JavaScript - Remove element from array

JavaScript - Remove element from array

array, Javascript

Removing one or many elements from an array in JavaScript is pretty straightforward. Though with all things programming there is some nuances that you should be aware of and there's a million ways to do it. Let's take a quick look at a few different examples to manipulate elements in JavaScript arrays.

Removing elements from the end of a JavaScript array

If we have a collection of items and we simply want to trim elements off the end of the array, JavaScript offers two simple options out of the box. Below are two examples using Array.length & Array.prototype.pop().

Trimming an array using Array.length

var colors = ['red', 'orange', 'yellow', 'green'];
console.log(colors.length);
// Result: 4
colors.length = 3; // Trim last element off console.log(colors.length); // Result: 3
console.log(colors); // Result: ["red", "orange", "yellow"]

Trimming an array using Array.prototype.pop()

var plants = ['broccoli', 'cauliflower', 'cabbage', 'kale', 'tomato'];
console.log(plants.pop());
// Result: "tomato"
console.log(plants); // Result: ["broccoli", "cauliflower", "cabbage", "kale"]

Removing elements from the beginning of a JavaScript array

Now let's take a look at the inverse scenario, assume we have a collection of items and we want to remove elements from the beginning of the array. Similar to pop(), JavaScript uses Array.prototype.shift() to "shift" the first element over.

Using Array.prototype.shift() to remove the first element

var numbers = [1, 2, 3];
var firstNumber = numbers.shift();
console.log(firstNumber);
// Result: 1
console.log(numbers); // Result: [2, 3]

Using splice() to remove array elements in JavaScript

As you could have guessed, JavaScript also has a method that allows you to either remove from the beginning of an array OR trim from the end on an array. This magical method is known as Array.prototype.splice(), which takes the start and end index as parameters.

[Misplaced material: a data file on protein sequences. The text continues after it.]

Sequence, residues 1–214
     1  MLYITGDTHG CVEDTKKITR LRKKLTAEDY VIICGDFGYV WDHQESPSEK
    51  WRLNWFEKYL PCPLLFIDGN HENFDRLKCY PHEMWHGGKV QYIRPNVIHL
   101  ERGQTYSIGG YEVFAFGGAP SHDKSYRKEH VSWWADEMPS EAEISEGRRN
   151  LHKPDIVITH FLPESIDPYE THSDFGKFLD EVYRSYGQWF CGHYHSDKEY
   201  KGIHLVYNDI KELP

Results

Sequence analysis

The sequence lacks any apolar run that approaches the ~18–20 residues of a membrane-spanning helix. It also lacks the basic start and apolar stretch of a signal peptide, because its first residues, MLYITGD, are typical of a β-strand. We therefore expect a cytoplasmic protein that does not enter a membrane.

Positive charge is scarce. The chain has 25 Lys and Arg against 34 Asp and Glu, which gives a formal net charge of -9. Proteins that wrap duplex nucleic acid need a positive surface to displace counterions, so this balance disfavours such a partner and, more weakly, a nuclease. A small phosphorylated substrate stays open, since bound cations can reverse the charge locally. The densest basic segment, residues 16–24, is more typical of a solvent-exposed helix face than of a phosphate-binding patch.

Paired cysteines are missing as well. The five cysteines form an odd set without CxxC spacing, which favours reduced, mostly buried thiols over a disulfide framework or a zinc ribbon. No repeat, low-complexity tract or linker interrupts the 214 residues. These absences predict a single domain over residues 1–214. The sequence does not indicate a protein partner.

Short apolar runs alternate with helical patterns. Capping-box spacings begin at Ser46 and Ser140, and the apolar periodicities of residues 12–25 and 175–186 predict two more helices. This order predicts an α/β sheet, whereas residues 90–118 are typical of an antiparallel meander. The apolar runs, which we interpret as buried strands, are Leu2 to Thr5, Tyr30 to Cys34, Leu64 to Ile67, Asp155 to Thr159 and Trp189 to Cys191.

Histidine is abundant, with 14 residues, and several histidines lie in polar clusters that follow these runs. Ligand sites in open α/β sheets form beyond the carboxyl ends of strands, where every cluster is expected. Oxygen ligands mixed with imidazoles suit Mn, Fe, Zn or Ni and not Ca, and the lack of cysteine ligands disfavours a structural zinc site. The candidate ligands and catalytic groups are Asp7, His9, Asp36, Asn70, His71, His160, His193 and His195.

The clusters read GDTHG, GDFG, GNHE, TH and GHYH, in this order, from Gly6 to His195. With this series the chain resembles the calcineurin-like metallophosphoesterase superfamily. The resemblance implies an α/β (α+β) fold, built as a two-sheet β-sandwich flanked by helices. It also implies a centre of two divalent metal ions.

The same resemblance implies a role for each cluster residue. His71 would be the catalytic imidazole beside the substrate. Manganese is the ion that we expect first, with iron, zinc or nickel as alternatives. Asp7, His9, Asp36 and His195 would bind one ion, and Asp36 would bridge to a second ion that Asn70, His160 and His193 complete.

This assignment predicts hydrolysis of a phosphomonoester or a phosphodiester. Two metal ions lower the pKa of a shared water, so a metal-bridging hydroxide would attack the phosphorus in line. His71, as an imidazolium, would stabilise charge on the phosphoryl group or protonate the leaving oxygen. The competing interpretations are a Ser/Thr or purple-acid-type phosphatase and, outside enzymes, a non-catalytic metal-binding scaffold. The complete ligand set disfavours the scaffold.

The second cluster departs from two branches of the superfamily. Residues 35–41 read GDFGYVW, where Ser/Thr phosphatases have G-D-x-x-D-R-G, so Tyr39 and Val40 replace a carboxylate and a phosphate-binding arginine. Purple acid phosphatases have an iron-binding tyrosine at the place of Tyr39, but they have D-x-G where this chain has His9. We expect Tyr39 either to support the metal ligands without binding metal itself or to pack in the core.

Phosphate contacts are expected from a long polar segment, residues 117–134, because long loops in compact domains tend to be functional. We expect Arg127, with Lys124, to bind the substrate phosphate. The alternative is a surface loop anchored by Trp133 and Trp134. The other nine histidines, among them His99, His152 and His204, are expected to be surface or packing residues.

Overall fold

Manipulating an array with Array.prototype.splice()

var months = ['Jan', 'March', 'April', 'June'];
// Insert 'Feb' at 1st index position
months.splice(1, 0, 'Feb');
console.log(months);
// Result: ['Jan', 'Feb', 'March', 'April', 'June']

// Replace 'June' with 'May' at the 4th index position
months.splice(4, 1, 'May');
console.log(months);
// Result: ['Jan', 'Feb', 'March', 'April', 'May']

// Remove 'May' from the 4th index position
months.splice(4, 1);
console.log(months);
// Result: ['Jan', 'Feb', 'March', 'April']

// Remove 'Feb' & 'March' from the 1st & 2nd index positions
months.splice(1, 2);
console.log(months);
// Result: ['Jan', 'April']

Remove elements by value using filter()

JavaScript has a built in method to make removing array elements by their value quite easy. The Array.prototype.filter() method allows you to specify a condition in which the items that satisfy it will be removed. Check the example out below:

Filtering items by value using Array.prototype.filter()

var animals = ['dog', 'cat', 'bird', 'spaghetti'];

// Remove the value 'spaghetti' from our animal array
var filtered = array.filter(function(value, index, arr){
    return value != 'spaghetti';
});
console.log(animals);
// Result: ['dog', 'cat', 'bird']

Using the delete operator to remove JavaScript array elements

The delete operator in JavaScript behaves a bit differently than you might think. Delete removes the property from an object, what this means in English is that instead of physically removing the item, its value is set to undefined.

Removing elements using the delete operator

var fish = ['goldfish', 'carp', 'guppy', 'cod'];
// Remove the value at index 2 
delete fish[2]; // delete the guppy!
console.log(fish); // Result: ['goldfish', 'carp', undefined, 'cod']

Remove all elements in a JavaScript array

Last but not least, let's have a look at a few ways to completely nuke the array. It should be fairly straight forward to use any of the above methods to empty all elements but let's examine two common scenarios:

Empty an array using Array.length

Array.length deletes everything in the array, including other references. In other words, if you have two references to the same array and you delete the array’s contents using Array.length, both references will now point to the same empty array. Here is an example using two arrays:

var fish = ['goldfish', 'carp', 'guppy', 'cod'];
// Create a reference from the fish array var fish2 = fish;
// Remove the fish fish.length = 0;
console.log(fish); // Result: []

console.log(fish2); // Result: []

Empty an array by re-initializing the array

Emptying an array by initializing a new array assigns a reference to the new array variable, while excluding other references. This means that references to the contents of the previous array are still kept in memory, which can commonly leading to memory leaks.You can view the issue below by seeing fish2 still holds the values while fish was emptied.

var fish = ['goldfish', 'carp', 'guppy', 'cod'];
// Create a reference from the fish array var fish2 = fish;
// Remove the fish by initializing a new array fish = [];
console.log(fish); // Result: []

console.log(fish2); // Result: ['goldfish', 'carp', 'guppy', 'cod']